One French Word: basquaise, a French recipe : poulet basquaise
Basquaise is a feminine adjective, pronounced bass-kezz and means “from the Pays Basque”.
In fact, it should be “à la basquaise“: chicken in the manner in which it is cooked in the Pays Basque. Like “à la bordelaise” is a dish as it is cooked in and around Bordeaux.
The Pays Basque is situated in the south western corner of France (Biarritz, Bayonne, St Jean de Luz) but also the north western corner of Spain. The Basque people are a cultural and linguistic entity, who have for a long time demanded their autonomy, with some force, from both Spain and France. But I won’t go into politics, it is not the vocation of this blog, and I’m hardly qualified.
“(A la) basquaise” denotes a dish cooked with green bell peppers, tomatoes, onions, garlic and piment d’Espelette. Green and red are traditional Basque colours. Basquaise does NOT include aubergine/eggplant or courgette/zucchini. That would be ratatouille,
something quite different.
Espelette is a village in the Pays Basque where this particular hot pepper is grown. In the autumn, you can see strings of peppers drying on south facing house fronts, before being ground into coarse, fragrant powder for sale. It is the only pepper which has an “appellation d’origine contrôlée” (AOC), which means that any pepper sold as “Espelette” must have been produced there, and only there. It is extremely fashionable at the moment, and rightly so, it is quite delicious and adds a distinctive flavour to any dish. It is easily found anywhere in France. Abroad I don’t know… if you can’t find it, use a pepper which is slightly hot, but very flavoursome. Not simple cayenne, something Mexican maybe?
When I was a very small child, I spent some time with my family on the outskirts of St Jean de Luz, a Basque fishing village, because my Father’s work had taken him there. I remember little, but have retained a love of Basque crockery and table linen, some of which has been handed down to me by my Mother, and which dates back to that time. It is the deep red and navy pattern you see so often in my photos. I have collected it over the years, and have far more than I really need! The only original pieces are four “raviers“ (hors d’oeuvre dishes, often oval) and a table cloth and napkins.
This dish was always a favourite with guests eating at my table d’hôte. It is not difficult to make, but requires fresh, high grade ingredients. Good quality chicken, ripe tomatoes and if possible “old variety” (I used tomates cornues, horned tomatoes, large, long pointed ones).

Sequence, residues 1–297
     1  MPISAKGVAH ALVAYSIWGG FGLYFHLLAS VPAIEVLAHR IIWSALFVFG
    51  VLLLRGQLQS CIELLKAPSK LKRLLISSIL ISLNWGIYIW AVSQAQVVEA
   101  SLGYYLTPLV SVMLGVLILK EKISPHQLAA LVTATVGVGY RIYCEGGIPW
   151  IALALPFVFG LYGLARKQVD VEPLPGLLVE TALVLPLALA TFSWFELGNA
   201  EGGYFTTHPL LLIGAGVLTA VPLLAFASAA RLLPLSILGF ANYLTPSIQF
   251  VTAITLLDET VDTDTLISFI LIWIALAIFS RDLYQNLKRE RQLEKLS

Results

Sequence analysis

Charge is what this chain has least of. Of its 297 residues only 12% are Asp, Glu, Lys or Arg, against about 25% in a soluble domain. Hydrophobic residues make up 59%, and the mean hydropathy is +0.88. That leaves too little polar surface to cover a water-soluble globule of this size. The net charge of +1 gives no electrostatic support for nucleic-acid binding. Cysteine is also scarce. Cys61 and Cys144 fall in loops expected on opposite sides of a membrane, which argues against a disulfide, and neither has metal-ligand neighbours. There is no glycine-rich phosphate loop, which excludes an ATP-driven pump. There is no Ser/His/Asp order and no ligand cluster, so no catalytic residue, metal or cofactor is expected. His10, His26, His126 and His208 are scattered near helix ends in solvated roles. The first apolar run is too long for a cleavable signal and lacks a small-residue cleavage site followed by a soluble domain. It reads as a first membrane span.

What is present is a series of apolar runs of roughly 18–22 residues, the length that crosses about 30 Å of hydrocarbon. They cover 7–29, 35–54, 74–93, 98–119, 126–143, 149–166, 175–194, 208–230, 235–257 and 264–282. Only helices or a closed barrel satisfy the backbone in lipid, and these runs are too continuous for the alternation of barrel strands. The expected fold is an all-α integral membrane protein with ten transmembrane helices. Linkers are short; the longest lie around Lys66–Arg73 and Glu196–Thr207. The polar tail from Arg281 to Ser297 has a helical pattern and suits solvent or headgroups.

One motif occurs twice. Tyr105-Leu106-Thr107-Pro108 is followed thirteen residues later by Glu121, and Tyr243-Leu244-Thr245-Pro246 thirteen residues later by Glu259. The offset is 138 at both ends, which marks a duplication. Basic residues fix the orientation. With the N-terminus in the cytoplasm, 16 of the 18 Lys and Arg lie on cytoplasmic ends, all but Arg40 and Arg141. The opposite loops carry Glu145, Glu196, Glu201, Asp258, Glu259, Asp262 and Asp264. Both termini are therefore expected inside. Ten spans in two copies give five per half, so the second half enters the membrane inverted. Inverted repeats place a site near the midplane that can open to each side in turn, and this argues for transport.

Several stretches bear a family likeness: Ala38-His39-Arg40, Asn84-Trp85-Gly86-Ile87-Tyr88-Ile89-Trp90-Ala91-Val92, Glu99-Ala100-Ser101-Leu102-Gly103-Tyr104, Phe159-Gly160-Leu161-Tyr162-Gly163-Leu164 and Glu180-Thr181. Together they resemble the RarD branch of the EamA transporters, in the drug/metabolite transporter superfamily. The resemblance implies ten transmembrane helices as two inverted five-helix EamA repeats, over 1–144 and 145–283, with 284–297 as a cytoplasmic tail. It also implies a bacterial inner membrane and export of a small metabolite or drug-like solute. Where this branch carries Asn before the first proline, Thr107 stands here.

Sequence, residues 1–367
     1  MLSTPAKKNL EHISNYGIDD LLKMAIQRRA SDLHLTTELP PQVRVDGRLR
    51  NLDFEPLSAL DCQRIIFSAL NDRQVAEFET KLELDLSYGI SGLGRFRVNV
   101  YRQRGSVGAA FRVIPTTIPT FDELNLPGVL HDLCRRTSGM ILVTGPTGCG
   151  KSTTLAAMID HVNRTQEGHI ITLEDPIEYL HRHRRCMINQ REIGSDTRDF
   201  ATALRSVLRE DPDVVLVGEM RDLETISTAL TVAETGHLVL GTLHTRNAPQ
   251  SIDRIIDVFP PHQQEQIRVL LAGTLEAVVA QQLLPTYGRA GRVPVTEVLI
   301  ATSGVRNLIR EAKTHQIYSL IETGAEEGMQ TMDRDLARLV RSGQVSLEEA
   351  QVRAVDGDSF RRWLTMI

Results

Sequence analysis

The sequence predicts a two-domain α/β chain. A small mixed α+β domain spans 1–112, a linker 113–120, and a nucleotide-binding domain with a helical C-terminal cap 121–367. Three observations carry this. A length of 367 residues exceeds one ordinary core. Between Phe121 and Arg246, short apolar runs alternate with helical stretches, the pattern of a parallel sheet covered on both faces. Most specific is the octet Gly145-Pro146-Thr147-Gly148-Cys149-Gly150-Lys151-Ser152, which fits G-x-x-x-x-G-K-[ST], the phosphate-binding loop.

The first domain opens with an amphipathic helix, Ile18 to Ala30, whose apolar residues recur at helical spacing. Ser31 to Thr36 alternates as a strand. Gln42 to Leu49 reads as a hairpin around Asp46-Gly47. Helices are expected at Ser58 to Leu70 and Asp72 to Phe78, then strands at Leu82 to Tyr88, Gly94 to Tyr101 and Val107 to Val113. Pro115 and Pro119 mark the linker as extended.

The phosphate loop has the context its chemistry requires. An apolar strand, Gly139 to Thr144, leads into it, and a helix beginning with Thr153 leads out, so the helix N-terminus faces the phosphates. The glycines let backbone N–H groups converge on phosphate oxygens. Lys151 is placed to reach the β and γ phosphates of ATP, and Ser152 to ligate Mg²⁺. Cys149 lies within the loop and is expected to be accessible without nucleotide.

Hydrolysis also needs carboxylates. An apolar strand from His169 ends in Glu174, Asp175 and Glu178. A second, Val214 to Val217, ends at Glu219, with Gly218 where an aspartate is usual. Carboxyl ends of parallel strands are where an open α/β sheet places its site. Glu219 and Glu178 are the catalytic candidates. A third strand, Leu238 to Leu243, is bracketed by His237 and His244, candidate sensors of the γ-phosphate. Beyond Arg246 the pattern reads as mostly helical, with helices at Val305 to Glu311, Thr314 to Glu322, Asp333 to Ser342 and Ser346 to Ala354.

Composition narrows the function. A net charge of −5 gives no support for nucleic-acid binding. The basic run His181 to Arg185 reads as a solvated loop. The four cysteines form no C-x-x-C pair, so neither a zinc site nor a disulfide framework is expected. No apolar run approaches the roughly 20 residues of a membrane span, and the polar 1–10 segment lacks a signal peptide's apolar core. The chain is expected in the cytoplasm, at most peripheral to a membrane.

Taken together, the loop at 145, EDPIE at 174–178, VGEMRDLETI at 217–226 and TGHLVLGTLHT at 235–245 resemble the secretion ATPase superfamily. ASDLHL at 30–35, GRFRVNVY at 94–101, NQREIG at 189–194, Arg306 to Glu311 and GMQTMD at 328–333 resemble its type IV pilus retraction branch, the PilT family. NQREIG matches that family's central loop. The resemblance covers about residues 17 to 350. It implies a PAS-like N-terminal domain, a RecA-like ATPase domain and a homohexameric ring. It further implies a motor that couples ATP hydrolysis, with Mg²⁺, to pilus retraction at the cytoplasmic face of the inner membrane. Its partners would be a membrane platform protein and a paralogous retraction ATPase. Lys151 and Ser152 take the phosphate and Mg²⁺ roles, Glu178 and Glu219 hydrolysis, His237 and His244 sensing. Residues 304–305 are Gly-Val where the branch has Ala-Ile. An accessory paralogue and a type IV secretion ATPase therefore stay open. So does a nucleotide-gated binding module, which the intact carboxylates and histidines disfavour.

Ingredients for 2 people with good appetites, or 4 with smaller appetites:
- 2 chicken legs and thighs, separated at the joint, or 4 thigh pieces
- One very large onion, roughly chopped
- 500gr tomatoes, cored and roughly chopped
- One large green bell pepper, cored and sliced into rings (or two if you are fond of bell pepper)
- 2 cloves of garlic, smashed with a cleaver
- 2tbs olive oil
- 1 level tsp piment d’Espelette
- salt, pepper
- 1/4 bottle of dry white wine
Rice to accompany
- Heat the oil in a heavy bottomed saucepan and fry the chicken pieces so that they are golden all over
- Remove the chicken from the pan, and fry the onion, browning it slightly
- Replace the chicken in the pan, together with the tomato, garlic, bell pepper, a tsp sea salt, a few grinds of black pepper and a tsp of piment d’Espelette. Do not stir.
- Add the white wine, and as soon as it looks like boiling, turn down to a simmer.
- After 10 minutes, put water on to boil for the rice, or start getting your rice cooker ready.
- After 20 minutes, stir gently to mix the ingredients top to bottom to cook evenly. Put the rice on.
- Cook for a further 20 minutes. Your rice should be ready. Make a bed of rice, and serve the chicken and the sauce on top of it.
The white wine makes a far finer sauce than chicken stock, water, or chicken cubes. But you cannot really identify the fact that it is white wine. So if you wish to drink red with the dish, you can do so perfectly well. Or the remainder of the bottle which you opened to cook with.